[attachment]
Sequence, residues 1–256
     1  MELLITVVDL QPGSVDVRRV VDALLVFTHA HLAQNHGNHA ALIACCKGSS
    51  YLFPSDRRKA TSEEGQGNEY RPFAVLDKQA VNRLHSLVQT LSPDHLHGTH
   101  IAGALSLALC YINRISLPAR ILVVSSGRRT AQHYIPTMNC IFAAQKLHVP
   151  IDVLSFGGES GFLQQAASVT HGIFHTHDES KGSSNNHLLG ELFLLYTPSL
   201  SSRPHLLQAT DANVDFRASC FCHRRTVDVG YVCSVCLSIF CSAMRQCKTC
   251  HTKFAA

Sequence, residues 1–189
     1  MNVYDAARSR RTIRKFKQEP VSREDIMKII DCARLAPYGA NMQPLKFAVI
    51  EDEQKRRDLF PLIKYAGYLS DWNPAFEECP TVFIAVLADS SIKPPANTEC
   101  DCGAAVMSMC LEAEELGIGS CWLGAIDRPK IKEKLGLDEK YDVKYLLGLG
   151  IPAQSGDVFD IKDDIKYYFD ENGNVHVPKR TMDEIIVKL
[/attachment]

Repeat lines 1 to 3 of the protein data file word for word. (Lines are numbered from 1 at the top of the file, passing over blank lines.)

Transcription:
Sequence, residues 1–256
     1  MELLITVVDL QPGSVDVRRV VDALLVFTHA HLAQNHGNHA ALIACCKGSS
    51  YLFPSDRRKA TSEEGQGNEY RPFAVLDKQA VNRLHSLVQT LSPDHLHGTH